Yesterday I realized

something very important.

I didn’t know what was going on until after the fact. We woke up to the noise of an air compressor, then I could periodically hear the sound of a nail gun. I assumed my neighbor was having some work done. When I went out later, I realized that the townhouse complex was repairing some fencing.

I did know that Silas was really anxious. He barked at every sound, all day. Big barks, not just his little alarm barks. He didn’t sleep. He barely laid down. He asked to go outside, then when he got outside he barked, then I made him come inside, then five minutes later he would ask to go out again. If he wasn’t barking, he was whining. By 4:30, I was about to go crazy.

Paranoid Ears
(Listening with his paranoid ears.)

I’ve been resisting putting Silas on a daily medication because he sleeps most of the day. Somehow, to me, the level of hyper-vigilance that keeps a dog awake most of the time was the line in the sand.

Yesterday I realized that the only reason Silas sleeps during the day is because it is completely silent here. We have heavy curtains, and we live in a neighborhood where every person goes to work from 9-5. There’s some ambient traffic noise and some birds chirping. That’s it. When that changes, for whatever reason, we’re well on the other side of my own (admittedly arbitrary) criteria.

Why does “doing the best you can” have to be so hard?

Problems We Don’t Have

Saturday morning, Silas was really nervous. I don’t remember why–it happens for enough reasons that I don’t really keep up with it anymore. He needed to eat his breakfast. Breakfast is very important around here, because without it Silas throws up. When he’s anxious he doesn’t want to eat, though.

Breakfast is K’s job. (I feel pretty bad about that right now, because Silas is eating tripe for breakfast. I promise I did not plan that on purpose.)

After trying a few times to get Silas to eat, K finally sat down in the floor next to the dish. Silas immediately came over to eat.

After a few minutes of happy eating, he called out, “I think we have the only dog in the world who prefers you to hover over his food dish while he eats.”

Food resource guarding: a problem we don’t have.


My husband has a joke about how many bicycles he needs: n+1. If it’s been a while since you took algebra, “n” is a stand in for “number.” It’s the geeky math way of saying “one more than I have right now.”

Silas’s N+1 equation is blankets.

When Silas wants to snuggle, he brings a blanket with him. He doesn’t care if you already have one. I’m sitting in my chair right now with two fleece throws and a dog bed. In five minutes, when he decides to get off the couch and come sit with me, chances are that he will bring the fleece throw off the sofa.

Blanket love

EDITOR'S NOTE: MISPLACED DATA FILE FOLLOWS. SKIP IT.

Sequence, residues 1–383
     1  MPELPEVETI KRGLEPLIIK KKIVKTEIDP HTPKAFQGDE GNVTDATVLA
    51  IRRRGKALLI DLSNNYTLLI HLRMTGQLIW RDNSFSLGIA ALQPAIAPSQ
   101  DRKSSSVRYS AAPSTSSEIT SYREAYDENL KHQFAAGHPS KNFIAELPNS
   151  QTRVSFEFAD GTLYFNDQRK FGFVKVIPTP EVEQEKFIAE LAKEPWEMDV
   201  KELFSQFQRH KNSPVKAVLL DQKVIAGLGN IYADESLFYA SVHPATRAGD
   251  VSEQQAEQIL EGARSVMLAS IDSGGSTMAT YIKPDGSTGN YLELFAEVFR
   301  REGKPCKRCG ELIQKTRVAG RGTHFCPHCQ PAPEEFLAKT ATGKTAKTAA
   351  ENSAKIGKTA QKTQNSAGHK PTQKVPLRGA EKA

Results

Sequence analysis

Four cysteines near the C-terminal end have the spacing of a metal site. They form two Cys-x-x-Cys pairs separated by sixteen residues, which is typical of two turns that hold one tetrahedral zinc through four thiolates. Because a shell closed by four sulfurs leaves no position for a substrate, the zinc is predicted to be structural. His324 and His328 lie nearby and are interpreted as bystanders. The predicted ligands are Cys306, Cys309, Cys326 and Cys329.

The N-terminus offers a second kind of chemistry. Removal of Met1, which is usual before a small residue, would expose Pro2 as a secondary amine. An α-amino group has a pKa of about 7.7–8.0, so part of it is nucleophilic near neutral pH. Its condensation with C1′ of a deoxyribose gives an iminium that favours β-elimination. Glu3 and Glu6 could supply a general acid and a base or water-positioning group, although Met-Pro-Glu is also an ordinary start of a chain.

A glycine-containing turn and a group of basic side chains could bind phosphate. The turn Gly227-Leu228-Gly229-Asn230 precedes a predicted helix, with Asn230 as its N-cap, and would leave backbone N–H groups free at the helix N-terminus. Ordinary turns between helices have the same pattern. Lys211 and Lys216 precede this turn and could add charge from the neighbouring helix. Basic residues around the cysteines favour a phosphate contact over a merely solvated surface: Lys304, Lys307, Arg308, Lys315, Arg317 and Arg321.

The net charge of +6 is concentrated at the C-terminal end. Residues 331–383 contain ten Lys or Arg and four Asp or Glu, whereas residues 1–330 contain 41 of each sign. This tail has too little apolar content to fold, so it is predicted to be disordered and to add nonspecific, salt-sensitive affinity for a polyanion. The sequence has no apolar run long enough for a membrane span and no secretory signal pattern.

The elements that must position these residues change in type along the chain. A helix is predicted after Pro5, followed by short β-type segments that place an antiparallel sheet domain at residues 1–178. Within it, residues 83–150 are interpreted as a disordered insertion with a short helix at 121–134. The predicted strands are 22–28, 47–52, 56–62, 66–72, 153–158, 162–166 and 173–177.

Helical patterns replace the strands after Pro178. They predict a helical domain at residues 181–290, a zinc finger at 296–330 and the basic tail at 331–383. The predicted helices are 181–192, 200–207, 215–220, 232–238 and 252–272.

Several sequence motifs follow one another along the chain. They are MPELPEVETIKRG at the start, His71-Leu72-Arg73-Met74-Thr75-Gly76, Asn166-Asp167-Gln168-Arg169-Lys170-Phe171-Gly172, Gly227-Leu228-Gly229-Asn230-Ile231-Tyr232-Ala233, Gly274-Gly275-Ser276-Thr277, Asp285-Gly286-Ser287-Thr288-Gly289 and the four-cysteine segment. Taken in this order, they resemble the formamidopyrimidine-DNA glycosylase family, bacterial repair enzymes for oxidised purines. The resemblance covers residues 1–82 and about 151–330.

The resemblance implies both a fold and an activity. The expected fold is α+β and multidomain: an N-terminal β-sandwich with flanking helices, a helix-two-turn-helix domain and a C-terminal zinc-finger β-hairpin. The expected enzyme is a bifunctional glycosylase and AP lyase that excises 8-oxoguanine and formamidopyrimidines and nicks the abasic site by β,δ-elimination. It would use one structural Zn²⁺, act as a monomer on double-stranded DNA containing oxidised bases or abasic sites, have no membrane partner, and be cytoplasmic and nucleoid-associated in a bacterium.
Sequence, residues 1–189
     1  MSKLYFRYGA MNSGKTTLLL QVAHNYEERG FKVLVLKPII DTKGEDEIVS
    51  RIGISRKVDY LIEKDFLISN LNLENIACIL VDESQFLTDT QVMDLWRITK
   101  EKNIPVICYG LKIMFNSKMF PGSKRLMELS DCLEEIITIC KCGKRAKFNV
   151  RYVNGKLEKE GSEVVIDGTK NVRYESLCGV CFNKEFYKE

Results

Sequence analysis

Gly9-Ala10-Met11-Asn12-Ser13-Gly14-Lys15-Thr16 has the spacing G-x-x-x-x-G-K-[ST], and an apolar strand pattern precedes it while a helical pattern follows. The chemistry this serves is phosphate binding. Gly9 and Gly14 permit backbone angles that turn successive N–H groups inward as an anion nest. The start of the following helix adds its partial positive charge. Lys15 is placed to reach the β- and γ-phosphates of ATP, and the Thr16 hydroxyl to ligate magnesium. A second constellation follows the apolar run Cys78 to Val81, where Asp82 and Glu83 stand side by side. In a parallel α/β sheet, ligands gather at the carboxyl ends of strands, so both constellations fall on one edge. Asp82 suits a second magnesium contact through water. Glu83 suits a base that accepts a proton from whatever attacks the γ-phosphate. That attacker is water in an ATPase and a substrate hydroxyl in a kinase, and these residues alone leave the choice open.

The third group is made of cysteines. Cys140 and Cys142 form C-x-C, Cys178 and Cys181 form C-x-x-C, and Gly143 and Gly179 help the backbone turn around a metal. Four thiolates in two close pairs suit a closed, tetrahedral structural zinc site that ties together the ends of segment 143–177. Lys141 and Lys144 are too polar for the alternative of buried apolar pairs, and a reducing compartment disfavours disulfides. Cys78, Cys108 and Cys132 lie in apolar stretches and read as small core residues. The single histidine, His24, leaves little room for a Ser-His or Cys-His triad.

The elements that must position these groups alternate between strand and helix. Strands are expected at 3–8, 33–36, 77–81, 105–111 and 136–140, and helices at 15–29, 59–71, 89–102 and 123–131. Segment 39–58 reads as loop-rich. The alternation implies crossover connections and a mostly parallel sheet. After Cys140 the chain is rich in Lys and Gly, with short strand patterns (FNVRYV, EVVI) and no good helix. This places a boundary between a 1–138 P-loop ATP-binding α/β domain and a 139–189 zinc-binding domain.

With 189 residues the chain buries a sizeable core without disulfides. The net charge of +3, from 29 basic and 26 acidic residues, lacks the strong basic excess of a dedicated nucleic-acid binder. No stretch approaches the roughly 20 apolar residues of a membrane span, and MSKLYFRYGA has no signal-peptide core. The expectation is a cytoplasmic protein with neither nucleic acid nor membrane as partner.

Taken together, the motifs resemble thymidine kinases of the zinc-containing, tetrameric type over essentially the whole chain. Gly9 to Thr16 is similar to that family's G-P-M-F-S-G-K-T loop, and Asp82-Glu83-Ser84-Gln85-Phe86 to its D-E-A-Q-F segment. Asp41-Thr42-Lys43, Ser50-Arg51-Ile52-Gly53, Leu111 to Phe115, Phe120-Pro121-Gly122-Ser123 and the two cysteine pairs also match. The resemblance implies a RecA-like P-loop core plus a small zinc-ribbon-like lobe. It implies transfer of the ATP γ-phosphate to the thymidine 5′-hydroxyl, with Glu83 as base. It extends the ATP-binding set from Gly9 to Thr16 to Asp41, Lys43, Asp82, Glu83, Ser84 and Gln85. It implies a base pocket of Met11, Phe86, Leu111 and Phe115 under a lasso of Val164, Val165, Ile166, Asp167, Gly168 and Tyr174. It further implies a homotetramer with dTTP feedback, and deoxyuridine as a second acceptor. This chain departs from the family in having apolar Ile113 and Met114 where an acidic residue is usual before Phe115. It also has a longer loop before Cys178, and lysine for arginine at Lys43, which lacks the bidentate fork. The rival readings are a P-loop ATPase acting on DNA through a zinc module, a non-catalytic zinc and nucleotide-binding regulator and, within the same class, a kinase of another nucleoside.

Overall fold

You can really watch his little head spin when he realizes that the snuggle place is already full. One day, he tried to bring his crate mat up in my lap. Except he’d already brought three blankets and two fleece dog beds, and he just couldn’t figure out how to get in the chair with one more. He finally sat down and cried until I rearranged all the blankets.

I’ve finally gotten smart and started sneaking the extras back off the chair whenever he gets up.

The thing I can’t figure out is how to cut down on the number of blankets in the house. The house just seems to absorb however many things I bring in, and Silas has a place in his heart for all of them.

My Favorite Resources

As My Imperfect Dog grows, sometimes I hear of it being used as a reference-point for people with anxious dogs. To that end, I thought I’d put together a list of my best resources. Because this is a resource list, I may come back to edit it over time.

1) A really great veterinary behaviorist. Or, at least, private lessons with a really awesome positive-only dog trainer. You can learn a lot from books and videos, but having a trained professional look at your dog can be very eye opening. I would start my search with the Animal Behavior Resources Institute. Here is the American College of Veterinary Behaviorist’s list of board certified members.

2) For online classes, I have loved Susan Garrett’s Five Minute Formula for a Brilliant Recall. The class is closed now, but it usually opens in February or March. Nothing she does is fearful-dog specific, but her “play=work=play” style has really worked wonders with Silas. Also, a lot of her focus is on building a great relationship with your dog. A big part of handling your dog’s anxiety is trust. Caveat: nothing Garrett does is good for dogs who are afraid of toys or motion. If, on the other hand, you have an active dog, Garrett’s games are great.